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The Mastery Path for Writers: a new way to learn the skills you need

Lesson 18: Thinking in Pictures

As you do the imagination practices, you’ll notice that you don’t need words—not yet!

Of course, when you want to communicate the images in your mind to other people, you’ll need words. But I think that often, when they write, many people get stuck or blocked because they are straining for words instead of letting their imaginations make pictures. When you concentrate on making images in your mind—on making sure they are clear and detailed—often the words you need to get them into the mind of a reader will come to you quite easily. When I read contemporary fiction, for instance, I often have the impression that the writer has not really “seen” what she is writing about with the eye of the imagination and is instead relying on startling or unusual words. But it’s only when your imagination has been trained to make pictures that you can get those pictures into someone else’s mind.

I have said earlier that many of us are held back from doing the writing we want to do because we are used to producing writing (in school or at work) that relies entirely on ideas and information. So it’s very common for someone with this kind of background to come up with a great idea for a story or a novel—and then not know what to do next. That’s because you can’t tell a story (or write a poem) with ideas alone. Naturally, you want your story or poem to have ideas in it—but you can’t present them nakedly, as you would in an academic paper. Ideas in a piece of creative writing must be embodied —and the only way to do that is to find images (a character, a setting, a piece of action, and so on) that show those ideas.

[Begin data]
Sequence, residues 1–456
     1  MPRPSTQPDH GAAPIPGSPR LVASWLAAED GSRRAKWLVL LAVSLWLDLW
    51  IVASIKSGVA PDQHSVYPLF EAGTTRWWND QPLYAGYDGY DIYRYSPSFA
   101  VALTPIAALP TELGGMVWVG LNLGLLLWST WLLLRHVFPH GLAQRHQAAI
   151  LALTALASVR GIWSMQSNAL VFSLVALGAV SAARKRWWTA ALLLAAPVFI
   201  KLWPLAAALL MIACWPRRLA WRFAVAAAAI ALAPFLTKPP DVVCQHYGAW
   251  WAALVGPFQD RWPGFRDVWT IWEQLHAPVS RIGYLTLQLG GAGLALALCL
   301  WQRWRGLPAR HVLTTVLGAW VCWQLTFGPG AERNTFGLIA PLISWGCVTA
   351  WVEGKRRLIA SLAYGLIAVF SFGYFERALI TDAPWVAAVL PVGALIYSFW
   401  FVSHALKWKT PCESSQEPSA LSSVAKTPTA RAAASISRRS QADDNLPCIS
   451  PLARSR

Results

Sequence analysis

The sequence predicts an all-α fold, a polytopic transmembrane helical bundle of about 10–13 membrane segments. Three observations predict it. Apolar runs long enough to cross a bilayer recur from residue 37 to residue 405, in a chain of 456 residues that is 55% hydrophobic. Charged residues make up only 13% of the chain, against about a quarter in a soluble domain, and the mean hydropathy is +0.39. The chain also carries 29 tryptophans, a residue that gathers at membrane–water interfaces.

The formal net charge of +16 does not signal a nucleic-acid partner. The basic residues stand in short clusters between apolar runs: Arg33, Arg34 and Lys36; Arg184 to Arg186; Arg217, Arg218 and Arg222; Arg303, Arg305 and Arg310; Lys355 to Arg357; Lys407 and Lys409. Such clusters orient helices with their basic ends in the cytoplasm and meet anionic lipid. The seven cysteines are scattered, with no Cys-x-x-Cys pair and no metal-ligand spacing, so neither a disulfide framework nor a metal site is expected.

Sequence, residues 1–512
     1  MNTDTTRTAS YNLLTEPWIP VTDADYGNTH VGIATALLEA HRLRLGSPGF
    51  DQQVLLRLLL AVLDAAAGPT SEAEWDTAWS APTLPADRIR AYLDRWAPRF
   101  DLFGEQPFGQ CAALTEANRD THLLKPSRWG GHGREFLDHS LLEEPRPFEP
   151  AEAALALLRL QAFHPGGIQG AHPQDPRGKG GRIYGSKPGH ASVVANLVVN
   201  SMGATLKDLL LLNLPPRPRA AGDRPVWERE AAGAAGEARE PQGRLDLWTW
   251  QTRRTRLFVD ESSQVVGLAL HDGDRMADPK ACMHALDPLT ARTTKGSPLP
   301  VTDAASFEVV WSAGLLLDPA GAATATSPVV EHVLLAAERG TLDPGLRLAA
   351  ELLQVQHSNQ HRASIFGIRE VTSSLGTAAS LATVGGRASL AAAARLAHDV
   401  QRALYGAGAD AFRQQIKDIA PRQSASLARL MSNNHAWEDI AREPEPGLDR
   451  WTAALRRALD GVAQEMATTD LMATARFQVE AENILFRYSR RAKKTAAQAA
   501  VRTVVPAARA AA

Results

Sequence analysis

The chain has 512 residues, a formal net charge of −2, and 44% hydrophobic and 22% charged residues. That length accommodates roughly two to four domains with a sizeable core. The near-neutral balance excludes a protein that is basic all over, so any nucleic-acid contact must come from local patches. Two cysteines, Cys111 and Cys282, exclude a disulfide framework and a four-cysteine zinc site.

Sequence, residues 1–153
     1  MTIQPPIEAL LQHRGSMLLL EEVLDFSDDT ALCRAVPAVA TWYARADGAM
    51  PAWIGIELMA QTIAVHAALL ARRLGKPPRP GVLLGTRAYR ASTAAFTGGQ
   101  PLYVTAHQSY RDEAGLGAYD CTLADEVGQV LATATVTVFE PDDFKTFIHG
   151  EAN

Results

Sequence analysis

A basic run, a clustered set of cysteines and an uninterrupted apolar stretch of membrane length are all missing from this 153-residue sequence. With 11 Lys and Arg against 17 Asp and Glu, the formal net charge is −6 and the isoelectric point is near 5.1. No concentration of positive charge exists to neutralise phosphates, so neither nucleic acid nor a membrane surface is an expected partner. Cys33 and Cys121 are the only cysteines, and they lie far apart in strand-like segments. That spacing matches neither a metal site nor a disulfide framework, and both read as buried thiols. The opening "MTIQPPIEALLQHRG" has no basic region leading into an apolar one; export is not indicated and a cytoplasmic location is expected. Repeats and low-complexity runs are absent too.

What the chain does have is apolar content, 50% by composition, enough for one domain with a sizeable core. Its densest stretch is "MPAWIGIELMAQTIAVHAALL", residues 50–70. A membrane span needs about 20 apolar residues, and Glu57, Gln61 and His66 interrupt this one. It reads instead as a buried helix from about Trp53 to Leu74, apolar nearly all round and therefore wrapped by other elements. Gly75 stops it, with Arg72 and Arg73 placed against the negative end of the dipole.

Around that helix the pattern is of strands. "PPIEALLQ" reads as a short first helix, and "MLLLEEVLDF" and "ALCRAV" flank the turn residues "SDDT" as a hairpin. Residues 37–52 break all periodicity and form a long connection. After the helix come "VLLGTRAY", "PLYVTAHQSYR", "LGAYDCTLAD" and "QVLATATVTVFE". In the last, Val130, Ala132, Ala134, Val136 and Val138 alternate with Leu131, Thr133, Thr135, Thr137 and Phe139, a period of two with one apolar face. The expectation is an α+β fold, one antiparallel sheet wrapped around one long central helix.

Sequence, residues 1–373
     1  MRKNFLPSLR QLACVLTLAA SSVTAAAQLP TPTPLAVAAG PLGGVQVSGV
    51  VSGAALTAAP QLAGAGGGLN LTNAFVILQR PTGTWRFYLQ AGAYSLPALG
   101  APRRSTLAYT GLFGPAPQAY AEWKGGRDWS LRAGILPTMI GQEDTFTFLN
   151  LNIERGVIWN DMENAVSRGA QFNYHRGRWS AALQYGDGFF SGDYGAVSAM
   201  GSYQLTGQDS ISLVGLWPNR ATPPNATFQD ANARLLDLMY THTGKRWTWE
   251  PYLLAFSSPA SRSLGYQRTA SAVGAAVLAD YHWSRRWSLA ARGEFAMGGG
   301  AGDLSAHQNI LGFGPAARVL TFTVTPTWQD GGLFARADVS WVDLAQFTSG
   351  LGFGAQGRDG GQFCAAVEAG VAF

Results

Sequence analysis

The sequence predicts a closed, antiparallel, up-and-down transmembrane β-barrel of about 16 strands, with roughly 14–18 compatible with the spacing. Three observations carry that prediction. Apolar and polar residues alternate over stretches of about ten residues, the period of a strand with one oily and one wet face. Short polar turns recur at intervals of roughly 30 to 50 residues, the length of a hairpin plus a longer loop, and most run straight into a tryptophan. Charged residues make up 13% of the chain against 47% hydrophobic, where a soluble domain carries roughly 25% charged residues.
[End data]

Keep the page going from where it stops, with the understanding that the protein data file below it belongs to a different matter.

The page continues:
In other words, when we do creative writing, we need to learn how to think in pictures .

So, even if these imagination practices seem a bit silly to you, I encourage you to stay with them—even to invent some of your own. (By the way, if at any time an imagination practice leads you someplace you don’t want to go, just wave away those images, take a few deep breaths, and start over. With these practices, as with all the practices, you are in charge.)

Bring to your mind something simple: an object, a pet, a tree. Using as many of your senses as you can, create a mental picture of that object. If you like, jot down the details. Now, holding the picture in your mind, see if you can add more details—perhaps a background, or a person entering the scene. What does the person do? What happens? Again, you may want to make some notes.

Do the previous practice again, but this time start with something that can move. Once you’ve got it in your mind, let it move or do something. Let things happen! Bring in other objects or people if you wish. Take notes, if you like.

Imagine a person, real or invented. See how much detail you can add to the picture. Now see if that person wants to say or do things. What happens?

Imagine two people in a situation or a place. Get as many details into your picture as you can, then let the people start talking (here you are using auditory, rather than visual, imagination). What do they say? You may want to write down their conversation.

Take one of the previous practices (or make one up). This time, see if you can keep your imagination awake and, as much as possible, focused on the image(s) you’ve made while you stop and write things down. See what happens when you try to move back and forth between your imagination and the page. It’s best, for now, if you just take notes of what’s going on in your imagination, rather than trying to “write” a passage.

You may want to take some time to reflect, on paper, about what happened when you did these practices and how you want to repeat them. Don’t forget, that if you really want to develop and strengthen your imagination, you need to repeat these practices over and over!

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